Foreign Relations & International Law

China Releases a "Position Paper" in the Ongoing Philippines-China Arbitration

Sean Mirski
Thursday, January 15, 2015, 3:30 PM
As readers might recall, two years ago the Philippines launched an arbitration process against China under the auspices of the U.N. Convention on the Law of the Sea (UNCLOS). Although its exact claims remain shrouded from public scrutiny, Manila apparently asserted that—to simplify a bit—Beijing had violated the international law of the sea by claiming sovereignty over vast swathes of the South China Sea. From the start, China has steadfastly refused to participate in the arbitration process.

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As readers might recall, two years ago the Philippines launched an arbitration process against China under the auspices of the U.N. Convention on the Law of the Sea (UNCLOS). Although its exact claims remain shrouded from public scrutiny, Manila apparently asserted that—to simplify a bit—Beijing had violated the international law of the sea by claiming sovereignty over vast swathes of the South China Sea. From the start, China has steadfastly refused to participate in the arbitration process. So it was no surprise when Beijing “missed” the December 15 deadline to submit its counter-memorial. Instead, however, China released a “position paper” to the public on December 7. For all intents and purposes, this paper is the functional equivalent of China’s brief on the tribunal’s jurisdiction. Given the paper’s importance to the case, we’ve decided to provide Lawfare readers with a detailed summary of the arguments and an initial take, with an eye toward providing more meticulous analysis in the future. In Part I, the position paper opens with its one overriding purpose: to show that the tribunal lacks jurisdiction over the case brought by the Philippines. Accordingly, Beijing explains, the paper should not be taken as either accepting the Philippines’s arguments or indicating China’s participation in the arbitration. Then, the paper lays out its four arguments: the tribunal lacks jurisdiction because (1) the case concerns a territorial dispute; (2) the Philippines has committed to negotiating any issues related to the South China Sea dispute; (3) the case implicates factors related to the delimitation of maritime boundaries; and (4) China has not given its consent to the compulsory arbitration procedure. I’ll summarize each claim in turn, and then provide my initial reaction.  No Jurisdiction over Territorial Disputes In Part II, the paper starts by recapitulating the Philippines’s claims in the present case: Manila asserts (1) that China has claimed “historic rights” in the South China Sea “beyond the limits of its entitlements under the Convention”; (2) that China has claimed exclusive economic zones (EEZs) emanating from maritime features that are not entitled to EEZs; and (3) that China has “unlawfully interfered with the sovereign rights, jurisdiction and rights and freedom of navigation that the Philippines enjoys and exercises under the Convention.” But, according to China, each of these claims masks the “very essence” of the Philippines’s claims: territorial sovereignty, an issue beyond the tribunal’s jurisdiction.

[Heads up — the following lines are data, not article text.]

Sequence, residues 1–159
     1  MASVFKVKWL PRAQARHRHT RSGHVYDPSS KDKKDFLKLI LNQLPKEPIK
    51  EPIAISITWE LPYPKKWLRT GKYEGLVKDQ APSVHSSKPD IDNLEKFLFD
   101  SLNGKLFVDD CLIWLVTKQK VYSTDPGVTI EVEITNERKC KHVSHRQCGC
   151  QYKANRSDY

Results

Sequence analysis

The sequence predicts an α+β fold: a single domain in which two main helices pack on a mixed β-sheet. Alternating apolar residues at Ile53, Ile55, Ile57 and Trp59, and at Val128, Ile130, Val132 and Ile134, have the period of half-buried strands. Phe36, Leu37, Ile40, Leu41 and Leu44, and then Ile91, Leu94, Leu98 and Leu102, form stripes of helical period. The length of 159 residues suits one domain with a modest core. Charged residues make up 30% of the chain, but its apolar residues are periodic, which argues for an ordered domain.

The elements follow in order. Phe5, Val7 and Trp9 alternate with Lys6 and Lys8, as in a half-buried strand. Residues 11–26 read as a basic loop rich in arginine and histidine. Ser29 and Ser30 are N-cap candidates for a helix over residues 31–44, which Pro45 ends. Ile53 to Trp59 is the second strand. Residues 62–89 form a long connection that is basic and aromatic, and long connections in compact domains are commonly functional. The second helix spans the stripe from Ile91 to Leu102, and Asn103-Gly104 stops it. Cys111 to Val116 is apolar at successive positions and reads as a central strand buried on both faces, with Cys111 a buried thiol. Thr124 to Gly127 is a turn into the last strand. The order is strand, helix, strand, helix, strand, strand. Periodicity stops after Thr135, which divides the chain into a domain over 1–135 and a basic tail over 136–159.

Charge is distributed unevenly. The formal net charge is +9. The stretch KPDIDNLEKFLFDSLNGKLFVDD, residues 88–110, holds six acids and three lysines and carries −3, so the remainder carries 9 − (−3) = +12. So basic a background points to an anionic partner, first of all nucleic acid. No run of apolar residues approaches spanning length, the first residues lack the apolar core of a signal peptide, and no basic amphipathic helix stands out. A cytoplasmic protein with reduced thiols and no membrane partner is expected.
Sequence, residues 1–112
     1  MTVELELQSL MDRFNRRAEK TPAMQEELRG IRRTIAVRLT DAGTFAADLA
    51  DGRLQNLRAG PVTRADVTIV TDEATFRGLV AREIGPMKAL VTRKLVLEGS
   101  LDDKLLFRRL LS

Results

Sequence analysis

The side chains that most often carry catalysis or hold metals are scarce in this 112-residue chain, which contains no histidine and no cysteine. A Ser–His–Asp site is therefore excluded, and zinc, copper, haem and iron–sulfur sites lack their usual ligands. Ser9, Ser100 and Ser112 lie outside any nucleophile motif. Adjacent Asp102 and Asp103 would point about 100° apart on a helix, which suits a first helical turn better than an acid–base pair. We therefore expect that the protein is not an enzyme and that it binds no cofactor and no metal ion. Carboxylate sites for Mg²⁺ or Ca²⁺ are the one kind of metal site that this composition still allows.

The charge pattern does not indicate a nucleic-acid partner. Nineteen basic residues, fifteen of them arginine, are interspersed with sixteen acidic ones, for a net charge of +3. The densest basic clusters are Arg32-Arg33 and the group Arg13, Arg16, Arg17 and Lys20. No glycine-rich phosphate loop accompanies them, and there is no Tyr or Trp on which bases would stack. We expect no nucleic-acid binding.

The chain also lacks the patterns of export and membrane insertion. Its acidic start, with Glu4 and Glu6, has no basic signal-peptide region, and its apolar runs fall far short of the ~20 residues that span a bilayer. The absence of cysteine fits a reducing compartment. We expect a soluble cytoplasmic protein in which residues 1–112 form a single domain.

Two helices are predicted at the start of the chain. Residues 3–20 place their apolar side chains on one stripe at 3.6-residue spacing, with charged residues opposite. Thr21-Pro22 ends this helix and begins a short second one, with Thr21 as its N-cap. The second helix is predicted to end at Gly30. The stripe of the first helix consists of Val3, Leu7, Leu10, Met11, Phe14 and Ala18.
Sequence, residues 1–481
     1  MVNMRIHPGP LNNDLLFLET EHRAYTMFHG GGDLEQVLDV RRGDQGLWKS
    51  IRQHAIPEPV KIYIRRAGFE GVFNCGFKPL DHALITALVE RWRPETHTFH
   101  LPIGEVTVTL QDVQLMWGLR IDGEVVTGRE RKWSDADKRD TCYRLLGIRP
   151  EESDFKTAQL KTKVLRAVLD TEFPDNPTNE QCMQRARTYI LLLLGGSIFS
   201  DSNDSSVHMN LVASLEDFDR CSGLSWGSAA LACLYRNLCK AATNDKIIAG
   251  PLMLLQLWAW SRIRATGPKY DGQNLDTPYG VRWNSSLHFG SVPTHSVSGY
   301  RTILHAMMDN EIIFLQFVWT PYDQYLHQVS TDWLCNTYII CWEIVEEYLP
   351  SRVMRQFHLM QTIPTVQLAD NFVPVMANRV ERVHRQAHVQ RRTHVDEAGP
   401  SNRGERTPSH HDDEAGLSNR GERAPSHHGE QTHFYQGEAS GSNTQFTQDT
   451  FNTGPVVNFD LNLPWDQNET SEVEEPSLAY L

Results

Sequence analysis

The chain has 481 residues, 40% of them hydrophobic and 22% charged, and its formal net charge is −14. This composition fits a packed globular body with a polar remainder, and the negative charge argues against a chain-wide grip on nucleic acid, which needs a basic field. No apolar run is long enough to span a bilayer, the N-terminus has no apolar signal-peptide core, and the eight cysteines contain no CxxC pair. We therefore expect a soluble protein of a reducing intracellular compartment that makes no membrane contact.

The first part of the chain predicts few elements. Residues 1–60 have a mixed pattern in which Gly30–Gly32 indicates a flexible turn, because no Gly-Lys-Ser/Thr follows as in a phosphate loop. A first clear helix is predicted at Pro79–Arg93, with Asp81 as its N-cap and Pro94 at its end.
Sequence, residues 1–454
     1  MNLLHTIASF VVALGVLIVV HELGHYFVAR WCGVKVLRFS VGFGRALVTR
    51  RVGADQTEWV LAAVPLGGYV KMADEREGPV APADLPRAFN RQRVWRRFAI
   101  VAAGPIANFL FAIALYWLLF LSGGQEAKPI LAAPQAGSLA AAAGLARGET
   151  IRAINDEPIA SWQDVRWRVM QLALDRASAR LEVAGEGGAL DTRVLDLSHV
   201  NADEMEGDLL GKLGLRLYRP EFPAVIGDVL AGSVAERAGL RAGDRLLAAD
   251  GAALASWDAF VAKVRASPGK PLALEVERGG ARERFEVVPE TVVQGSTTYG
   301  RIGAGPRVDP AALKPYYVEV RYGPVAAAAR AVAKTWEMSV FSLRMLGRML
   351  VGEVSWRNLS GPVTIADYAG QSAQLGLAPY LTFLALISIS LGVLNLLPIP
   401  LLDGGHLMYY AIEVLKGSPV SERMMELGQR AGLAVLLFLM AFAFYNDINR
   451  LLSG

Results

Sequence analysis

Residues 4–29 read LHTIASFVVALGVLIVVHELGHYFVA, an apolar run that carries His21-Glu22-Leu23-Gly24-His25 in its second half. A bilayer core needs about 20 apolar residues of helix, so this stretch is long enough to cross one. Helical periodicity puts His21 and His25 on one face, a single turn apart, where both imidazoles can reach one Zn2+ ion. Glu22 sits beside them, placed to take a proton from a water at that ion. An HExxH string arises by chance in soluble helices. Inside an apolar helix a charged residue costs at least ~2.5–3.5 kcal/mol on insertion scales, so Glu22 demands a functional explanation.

• The first claim effectively boils down to the question of whether “China’s maritime claims in the South China Sea have exceeded the extent allowed under the Convention.” But the tribunal cannot determine the lawful extent of China’s maritime claims without first determining the legality of China’s territorial After all, the ICJ has repeatedly held that “sovereignty over land territory is the basis for the determination of maritime rights.”
  • The Philippines’s second claim runs into the same problem: the Philippines is “putting the cart before the horse” because “without determining the sovereignty over a maritime feature, it is impossible to decide whether maritime claims based on that feature are consistent with the Convention.” Additionally, the Philippines errs by selecting only a few features in the Spratly Islands instead of considering the island chain in its entirety. In effect, Beijing complains, Manila has “dissected the Nansha [Spratly] Islands.” In any case, “[w]hether low-tide elevations can be appropriated as territory is in itself a question of territorial sovereignty, not a matter concerning the interpretation or application of the Convention.” After all, the ICJ has stated that international treaty law—including UNCLOS—is “silent” on the question, and therefore, the tribunal cannot apply or interpret the Convention in order to resolve the Philippines’s claims.
  • The paper dismisses the Philippines’s third claim as well, noting that China and the Philippines have not delimited the maritime boundary between them. Until they do, Manila cannot claim that its rights in “defined areas” are being trampled upon.